One of the biggest adjustments I’ve had to make coming from teaching in the United States to teaching in France is implementing a new (and in my opinion, quite subjective) grading system.
American Grading Systems:
1. The first system is based on the 100-point grading system, used in universities and many high schools. For anyone who is not familiar with the American System, an A is considered excellent, a B is considered proficient, and a C is considered the last acceptable passing grade–basic. Although technically, a D is considered a pass, it is definitely not anything to brag about. An F is considered a fail and designates a re-take.
- A+ (99-100)
- A (94-98)
- A- (92-93)
- B+ (90-91)
- B (85-89)
- B- (81-84)
- C+ (79-80)
- C (74-78)
- D (69-73)
- F (below 69)
2. The second American system is a relatively new, but in my opinion, effective, system. This system has been implemented across the state Wisconsin in an attempt to accelerate the new Common Core standards, and to make effective changes to assessments and grading practices. Basically, teachers develop assessments and rubrics aligning with learning targets to allow students to demonstrate their understanding and skill acquisition. The goal is to help students become more aware and active in their learning. It also aids as a guide to teachers when meeting the needs of all students. At the end of each semester, these numbers are then calculated into a Grade Point Average (GPA).
- 4 = Advanced (Can apply the knowledge/skills to new situations or teach others)
- 3 = Proficient (Solid and consistent understanding of learning target)
- 2 = Basic (Developing understanding, inconsistent performance)
- 1 = Minimal (Knowledge/skill just emerging, struggling to show comprehension)
In the first American grading system, it is very possible (and definitely not rare or unheard of) to get a 100%, or a perfect score of A+, especially on tests and projects. The second grading system requires students to go above and beyond in order to receive a 4 (ie: the philosophy behind it explains that getting a perfect score on an assessment designates a 3; to get a 4, a students need to apply those skills even further.) However it is definitely still possible to do so. Many would fairly criticize that the American system is much too easy, and in most ways, I definitely agree. The second system works at combatting this very real concern.
The French Grading System:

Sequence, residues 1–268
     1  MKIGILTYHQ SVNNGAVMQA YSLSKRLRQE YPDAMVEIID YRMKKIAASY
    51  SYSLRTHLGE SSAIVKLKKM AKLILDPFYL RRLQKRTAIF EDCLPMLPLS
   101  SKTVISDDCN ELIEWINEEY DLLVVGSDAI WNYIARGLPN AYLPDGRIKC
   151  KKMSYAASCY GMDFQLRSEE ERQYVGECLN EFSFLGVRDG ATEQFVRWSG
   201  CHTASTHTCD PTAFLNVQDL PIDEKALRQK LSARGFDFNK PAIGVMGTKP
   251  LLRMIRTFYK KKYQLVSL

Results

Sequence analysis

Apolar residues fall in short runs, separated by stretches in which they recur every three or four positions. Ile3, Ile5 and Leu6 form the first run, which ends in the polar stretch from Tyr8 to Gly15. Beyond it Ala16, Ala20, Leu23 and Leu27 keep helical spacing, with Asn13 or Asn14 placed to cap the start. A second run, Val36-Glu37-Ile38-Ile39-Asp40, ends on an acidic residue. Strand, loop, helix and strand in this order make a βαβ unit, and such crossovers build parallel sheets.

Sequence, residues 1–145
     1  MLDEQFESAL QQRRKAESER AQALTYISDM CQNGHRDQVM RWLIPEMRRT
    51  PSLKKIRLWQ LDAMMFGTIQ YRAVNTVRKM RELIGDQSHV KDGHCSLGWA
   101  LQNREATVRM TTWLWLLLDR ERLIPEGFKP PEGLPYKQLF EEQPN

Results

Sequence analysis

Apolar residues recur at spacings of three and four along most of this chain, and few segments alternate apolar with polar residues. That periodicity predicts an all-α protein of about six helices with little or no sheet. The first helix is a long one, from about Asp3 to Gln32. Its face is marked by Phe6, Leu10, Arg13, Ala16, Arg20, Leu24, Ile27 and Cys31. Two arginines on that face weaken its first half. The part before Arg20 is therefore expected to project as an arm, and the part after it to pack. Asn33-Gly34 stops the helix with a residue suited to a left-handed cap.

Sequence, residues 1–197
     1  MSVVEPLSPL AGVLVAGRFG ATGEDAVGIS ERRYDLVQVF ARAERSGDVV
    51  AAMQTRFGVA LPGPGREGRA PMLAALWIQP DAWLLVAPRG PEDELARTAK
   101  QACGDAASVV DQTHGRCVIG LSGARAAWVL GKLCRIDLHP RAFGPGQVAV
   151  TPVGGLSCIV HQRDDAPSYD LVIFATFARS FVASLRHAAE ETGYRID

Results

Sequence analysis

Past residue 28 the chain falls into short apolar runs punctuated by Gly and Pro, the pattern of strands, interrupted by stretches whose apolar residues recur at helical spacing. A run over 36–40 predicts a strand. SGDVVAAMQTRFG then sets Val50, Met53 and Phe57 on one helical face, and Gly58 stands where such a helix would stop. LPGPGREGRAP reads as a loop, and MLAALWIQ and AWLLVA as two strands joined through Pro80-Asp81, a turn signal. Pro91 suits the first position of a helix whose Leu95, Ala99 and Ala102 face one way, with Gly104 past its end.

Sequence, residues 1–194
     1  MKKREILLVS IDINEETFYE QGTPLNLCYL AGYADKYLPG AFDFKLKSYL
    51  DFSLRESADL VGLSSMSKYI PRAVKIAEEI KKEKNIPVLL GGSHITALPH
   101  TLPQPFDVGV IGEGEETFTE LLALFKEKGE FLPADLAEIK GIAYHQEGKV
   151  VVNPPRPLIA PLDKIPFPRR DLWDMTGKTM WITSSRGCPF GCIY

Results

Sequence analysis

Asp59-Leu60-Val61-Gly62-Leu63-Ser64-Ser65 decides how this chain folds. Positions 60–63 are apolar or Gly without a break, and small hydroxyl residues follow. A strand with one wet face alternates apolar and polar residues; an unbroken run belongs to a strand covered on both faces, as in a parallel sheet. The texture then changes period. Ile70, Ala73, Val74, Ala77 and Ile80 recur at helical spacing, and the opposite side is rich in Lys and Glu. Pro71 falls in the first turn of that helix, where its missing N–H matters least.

The French system uses a 20-point scale:
- 16–20: Very good (très bien)
- 14–15,9: Good (bien)
- 12–13,9: Satisfactory (assez bien)
- 10–11,9: Basic (passable)
- 0–9,9: Fail (insuffisant)
The French grading system is very unique, and holds the philosophical ideal that a 20 equals perfection. However, the French philosophy also implies that no one, and nothing, is ever perfect, and it is therefore almost impossible to receive a 20/20 on most assignments that are not math or multiple choice tests. In fact, 18/20 is extremely rare, and 12/20 (a low B) is considered a good score! When determining a grade, all aspects are considered: presentation, written expression, reasoning, organization, research, and even the overall subjectivity of the professor who is grading the paper. It is extremely easy to just simply give a score based on feeling; I have found that the only way I have been able to justify my scores and keep things as fair and consistent as possible for all of my students is to develop a specific rubric system for each assessment and explanations for each factor. At the university, I think the highest I gave was 17 or 18. Often, I collaborate with my colleagues to make sure our grades are consistent across the board, as the subjectivity of each professor can vastly change the score of one student’s grade to the next.
Overall, adjusting to the mindset has helped me grow as a teacher, especially in regards to a worldwide view of learning and assessing. I do not believe any system of grading is perfect, but working as a teacher abroad comes with implementing new grading systems and accurately evaluating students by whatever means possible.
Which grading systems does your country use? How does it compare to the American or French systems? Do you have a preference or an opinion about any of the three systems I’ve listed above? I’d love to hear from you in the comments.